Galbraith also blames high fuel and feed costs, a weakening American and Canadian economy and Canadian tax authorities who want to collect hundreds of thousands of dollars, in unpaid Goods and Services Tax for pigeons sold in earlier years. Galbraith says he’ll need to sell his home to cover the federal GST bill. He complains that poultry breeding stock is exempt from GST and he always believed pigeons are no different than poultry.
Canadian authorities have always insisted that PKI was doing nothing wrong although former PKI salesman Bill Top wrote letters to federal and provincial politicians and met with authorities in an effort to get them to prevent new investors from joining the PKI scheme. I'm just glad it’s over, Top told Better Farming in an interview Wednesday morning. His name and cell phone number were recently mentioned in an anonymous letter to the editor of Plain Interests, an Amish paper published by avowed PKI opponent David Wagler. Top, now a long-distance trucker, says that triggered hundreds of inquiries over the past two weeks from prospective PKI investors. He estimates that at least 15 opted out of the scheme after talking to him. Top is left wondering how he's going to deal with a cell phone bill that could exceed $2,000.
In his statement Galbraith claims that in 2007 he paid out more than $12 million to his growers. Since none of that payout came from an outside market, but rather from new PKI investors or existing ones who reinvested, PKI would have had to come up with double that amount in the next year.
If more information gets out to fellow breeders it is probably better that the word spreads, Tupperville grower Kris Harris told Better Farming. Harris has also found that telephones are not being answered at PKI offices. Harris who began about two years ago with 250 pairs when he was an engineering student followed up that investment by building a new barn capable of housing 900 pairs. He had planned on an annual gross income of $287,500 yielding full payback on his investment in about four years. Attached to Galbraith's statement distributed to W-S Feed & Supplies by Wagler is a letter addressed to breeders by PKI bookkeeper Joan Carter who explains she still can't believe what has happened.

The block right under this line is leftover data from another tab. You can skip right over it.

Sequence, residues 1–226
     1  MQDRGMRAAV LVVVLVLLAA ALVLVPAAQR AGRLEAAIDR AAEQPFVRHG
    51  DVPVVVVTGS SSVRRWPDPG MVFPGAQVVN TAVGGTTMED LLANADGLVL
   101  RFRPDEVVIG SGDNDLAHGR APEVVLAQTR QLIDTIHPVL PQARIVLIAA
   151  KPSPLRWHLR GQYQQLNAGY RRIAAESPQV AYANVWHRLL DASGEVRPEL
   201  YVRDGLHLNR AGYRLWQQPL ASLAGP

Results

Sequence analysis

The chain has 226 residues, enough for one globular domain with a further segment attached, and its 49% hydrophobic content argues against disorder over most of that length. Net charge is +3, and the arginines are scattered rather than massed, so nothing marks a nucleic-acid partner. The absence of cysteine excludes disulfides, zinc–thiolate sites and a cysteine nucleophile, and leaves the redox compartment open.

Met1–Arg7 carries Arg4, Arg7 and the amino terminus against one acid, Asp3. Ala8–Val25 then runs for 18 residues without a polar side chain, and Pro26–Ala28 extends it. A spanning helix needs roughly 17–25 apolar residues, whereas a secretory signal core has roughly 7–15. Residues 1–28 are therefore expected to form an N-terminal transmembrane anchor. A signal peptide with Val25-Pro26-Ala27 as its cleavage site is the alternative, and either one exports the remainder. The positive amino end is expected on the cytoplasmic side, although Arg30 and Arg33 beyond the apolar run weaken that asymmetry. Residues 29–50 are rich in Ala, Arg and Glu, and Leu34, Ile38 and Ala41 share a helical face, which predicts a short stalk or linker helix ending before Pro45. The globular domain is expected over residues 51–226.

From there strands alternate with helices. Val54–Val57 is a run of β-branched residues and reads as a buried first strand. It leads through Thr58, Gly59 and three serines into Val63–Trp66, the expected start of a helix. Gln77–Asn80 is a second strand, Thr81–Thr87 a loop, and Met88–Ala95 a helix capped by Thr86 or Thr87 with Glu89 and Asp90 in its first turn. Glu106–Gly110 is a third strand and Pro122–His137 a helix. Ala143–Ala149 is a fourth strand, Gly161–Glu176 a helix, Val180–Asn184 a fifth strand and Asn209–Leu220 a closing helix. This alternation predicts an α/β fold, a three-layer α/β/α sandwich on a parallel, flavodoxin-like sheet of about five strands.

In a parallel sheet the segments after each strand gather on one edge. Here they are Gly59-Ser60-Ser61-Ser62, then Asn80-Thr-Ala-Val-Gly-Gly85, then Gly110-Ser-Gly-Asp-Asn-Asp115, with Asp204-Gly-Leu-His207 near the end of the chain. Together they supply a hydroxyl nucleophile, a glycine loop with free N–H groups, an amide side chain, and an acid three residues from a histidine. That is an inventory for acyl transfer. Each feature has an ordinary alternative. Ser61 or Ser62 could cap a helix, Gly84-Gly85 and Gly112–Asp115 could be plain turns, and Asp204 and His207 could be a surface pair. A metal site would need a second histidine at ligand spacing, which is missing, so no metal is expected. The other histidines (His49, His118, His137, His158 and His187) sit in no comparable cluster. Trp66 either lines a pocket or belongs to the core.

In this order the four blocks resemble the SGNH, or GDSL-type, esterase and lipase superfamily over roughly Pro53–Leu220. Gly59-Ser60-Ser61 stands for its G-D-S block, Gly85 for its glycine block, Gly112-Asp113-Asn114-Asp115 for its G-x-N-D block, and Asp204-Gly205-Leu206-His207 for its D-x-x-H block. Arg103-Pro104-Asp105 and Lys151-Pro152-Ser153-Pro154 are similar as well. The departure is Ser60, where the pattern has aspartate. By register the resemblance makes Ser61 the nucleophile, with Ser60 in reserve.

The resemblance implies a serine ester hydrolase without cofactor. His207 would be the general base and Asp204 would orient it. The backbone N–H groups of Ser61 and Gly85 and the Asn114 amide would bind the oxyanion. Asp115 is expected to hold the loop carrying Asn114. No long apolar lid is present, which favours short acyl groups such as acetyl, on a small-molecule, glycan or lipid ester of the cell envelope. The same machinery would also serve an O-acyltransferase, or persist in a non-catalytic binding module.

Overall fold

Carter says despite all the extreme hardships this has brought on my family I do not really regret knowing Arlan Galbriath. In fact aside from Carter's role as PKI bookkeeper, the way she describes her involvement is fairly typical of the manner in which PKI drew in families: My sister and her husband (who were equal partners with my brother on the second contract) have lost their retirement fund, my brother will be years digging himself out of the debt he went into to put up and fill his second barn besides not having paid off the first flock. Then there is my son and his young family who have lost their dream of being able to raise their children (they just found out another one is on the way) on a farm.
Paul Waldner, a minister involved with a Hutterite branch where three Alberta colonies invested as much as $3 million, predicted the loss would be hard for the individual colonies involved but wouldn’t threaten their existence. He said however that all of the colonies in his branch had been advised not to participate so there would not likely be any help for those suffering losses now. They’ll just have to struggle along and get themselves out of it. The warning was out so nobody’s going to be too helpful there.
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Watch Better Farming.com for further information and for background documents in connection with this story.BF
Notice from Arlan Galbraith
PKI bookkeeper Joan Carter's Final letter
Ontario Ministry of Agriculture, Food and Rural Affairs pigeon information page